It seems like the Jewish Federation of Greater Pittsburgh conducts a comprehensive community study roughly once a generation, so the newly released 2017 study described in last week’s Chronicle is a major milestone. It is also a welcome one, and will help guide our community’s planning and choices for years to come.
The study goes a long way toward informing us how large and what kind of Jewish community we are today and will likely be in the near future, if current trends continue. In order to make our Jewish community the best it can possibly be, our challenge is to use the study to strategize about what we can and cannot change.
The first major finding, which undoubtedly surprised some people, is that we have bucked the regional trend for the Pittsburgh area by actually increasing in population since 2002, when the last study was conducted. In fact, our community’s population is close to its all-time high.
Many lifelong residents of Pittsburgh remember when synagogue services, religious schools and organization events were bursting with people, and assumed that today’s often lackluster attendance is due to a general decline in the region’s Jewish population. The study shows that definitely is not the case, so we have to look elsewhere for answers.
The second major finding will not surprise those familiar with the Pew Research Center’s 2013 national study of American Jews, because our local trends are very similar to what Pew found nationwide.
There are two divergent trends among the Orthodox and non-Orthodox parts of our community.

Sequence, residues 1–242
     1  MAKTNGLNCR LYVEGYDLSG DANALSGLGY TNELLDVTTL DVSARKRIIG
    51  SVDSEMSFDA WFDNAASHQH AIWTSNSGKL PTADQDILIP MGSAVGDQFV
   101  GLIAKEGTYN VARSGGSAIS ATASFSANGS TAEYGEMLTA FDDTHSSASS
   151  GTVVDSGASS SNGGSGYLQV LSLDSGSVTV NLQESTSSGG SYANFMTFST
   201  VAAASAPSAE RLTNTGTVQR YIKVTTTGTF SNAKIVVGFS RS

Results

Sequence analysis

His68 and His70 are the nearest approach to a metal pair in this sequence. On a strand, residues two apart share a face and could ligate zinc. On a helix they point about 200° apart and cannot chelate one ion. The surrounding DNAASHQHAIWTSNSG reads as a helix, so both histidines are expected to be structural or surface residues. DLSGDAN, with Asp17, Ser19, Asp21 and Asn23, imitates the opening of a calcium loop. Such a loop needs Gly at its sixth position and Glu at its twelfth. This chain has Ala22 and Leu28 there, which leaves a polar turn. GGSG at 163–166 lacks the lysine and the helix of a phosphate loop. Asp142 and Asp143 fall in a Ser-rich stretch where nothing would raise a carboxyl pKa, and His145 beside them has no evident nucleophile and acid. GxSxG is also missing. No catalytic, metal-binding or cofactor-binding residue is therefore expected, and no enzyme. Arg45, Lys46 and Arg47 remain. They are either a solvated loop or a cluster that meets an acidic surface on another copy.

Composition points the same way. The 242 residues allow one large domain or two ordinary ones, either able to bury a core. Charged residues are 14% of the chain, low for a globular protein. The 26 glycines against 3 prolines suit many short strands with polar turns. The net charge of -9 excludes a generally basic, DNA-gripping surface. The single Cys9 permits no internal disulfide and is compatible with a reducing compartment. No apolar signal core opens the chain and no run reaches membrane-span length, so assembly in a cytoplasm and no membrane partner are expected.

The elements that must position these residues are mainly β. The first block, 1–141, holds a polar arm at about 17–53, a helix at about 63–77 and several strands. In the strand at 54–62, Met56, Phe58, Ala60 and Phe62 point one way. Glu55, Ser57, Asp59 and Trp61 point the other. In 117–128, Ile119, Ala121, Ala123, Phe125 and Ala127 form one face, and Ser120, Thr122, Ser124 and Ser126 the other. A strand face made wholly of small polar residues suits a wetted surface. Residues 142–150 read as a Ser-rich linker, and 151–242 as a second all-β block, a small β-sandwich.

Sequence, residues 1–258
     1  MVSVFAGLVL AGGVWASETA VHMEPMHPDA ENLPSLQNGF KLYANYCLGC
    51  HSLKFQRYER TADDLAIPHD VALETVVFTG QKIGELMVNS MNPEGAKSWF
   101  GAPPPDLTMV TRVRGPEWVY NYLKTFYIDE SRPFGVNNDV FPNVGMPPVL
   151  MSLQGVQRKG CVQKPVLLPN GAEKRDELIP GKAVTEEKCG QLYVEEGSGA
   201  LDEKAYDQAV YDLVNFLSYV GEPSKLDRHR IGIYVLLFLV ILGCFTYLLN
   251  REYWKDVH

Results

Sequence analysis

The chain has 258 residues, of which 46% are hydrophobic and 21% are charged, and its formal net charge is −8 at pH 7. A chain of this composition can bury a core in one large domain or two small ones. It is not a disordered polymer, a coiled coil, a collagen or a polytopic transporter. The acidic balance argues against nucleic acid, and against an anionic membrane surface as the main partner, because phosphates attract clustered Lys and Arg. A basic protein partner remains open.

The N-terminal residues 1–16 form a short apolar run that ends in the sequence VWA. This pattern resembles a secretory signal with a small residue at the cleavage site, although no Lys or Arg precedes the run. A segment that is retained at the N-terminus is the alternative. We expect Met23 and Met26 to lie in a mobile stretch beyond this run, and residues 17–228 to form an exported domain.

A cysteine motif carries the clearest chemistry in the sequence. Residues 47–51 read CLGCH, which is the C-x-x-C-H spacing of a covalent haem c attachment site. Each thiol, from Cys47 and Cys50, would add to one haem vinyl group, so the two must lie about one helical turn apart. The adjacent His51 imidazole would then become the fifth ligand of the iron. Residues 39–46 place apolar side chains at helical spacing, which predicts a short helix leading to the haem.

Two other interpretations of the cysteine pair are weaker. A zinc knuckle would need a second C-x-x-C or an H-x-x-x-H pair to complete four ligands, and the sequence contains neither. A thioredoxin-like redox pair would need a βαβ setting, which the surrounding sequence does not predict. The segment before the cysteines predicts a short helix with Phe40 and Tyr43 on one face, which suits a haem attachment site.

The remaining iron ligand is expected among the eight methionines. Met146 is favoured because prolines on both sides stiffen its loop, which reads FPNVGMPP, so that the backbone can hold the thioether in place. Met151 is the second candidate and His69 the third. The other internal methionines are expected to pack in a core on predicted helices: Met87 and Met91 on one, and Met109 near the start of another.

Orthodox Jews are maintaining high rates of affiliation and traditional involvement across generations, with low rates of intermarriage and an average family size above what sociologists call the replacement rate.
The non-Orthodox, on the other hand, are seeing much lower rates of affiliation and traditional involvement across generations, with very high rates of intermarriage and an average family size below the replacement rate.
The result is that the Orthodox, while still a distinct minority, represent a growing portion of our community, with likely profound impacts on the nature of our community in the future.
Characterizing the non-Orthodox segments of the community is fairly complicated, and the study shows a creative and technically sophisticated way of doing so. While the traditional segments of those formally affiliated to the Conservative and Reform movements have declined, the vast majority of the other members of our Jewish community are not totally uninvolved and uninterested.
In fact, many of the “unaffiliated” are involved in some aspects of Jewish life and community; many others undoubtedly would like to be so involved.
It would be easy to geshrey that our Jewish community is doomed to assimilation and demise — or at least the non-Orthodox portion of it — but that’s not the message of the community study. To come back to the first point about smaller attendance at events, it’s not that the Jews are no longer here. They are here; they’re just not showing up in traditional institutions in the same numbers.
Either the core of the organized community isn’t reaching them or they’re not choosing to participate in traditional modes with the organized community.
Our task then, is clear: Study the results of the community study as closely and carefully as Jews have traditionally studied the Talmud, and then experiment with new programs and new modes of reaching and engaging what has become the single largest segment of our Jewish community.
In the process of doing this pioneering work there are many examples of ideas and programs that we can learn from and implement. Some organizations in our community, including but not limited to the Federation, are already learning from each other and others around the country. Two recent examples are bringing the OneTable and Honeymoon Israel programs here.
As with technological progress, those institutions that are willing to adapt will continue and grow, and our community will be the better for it. PJC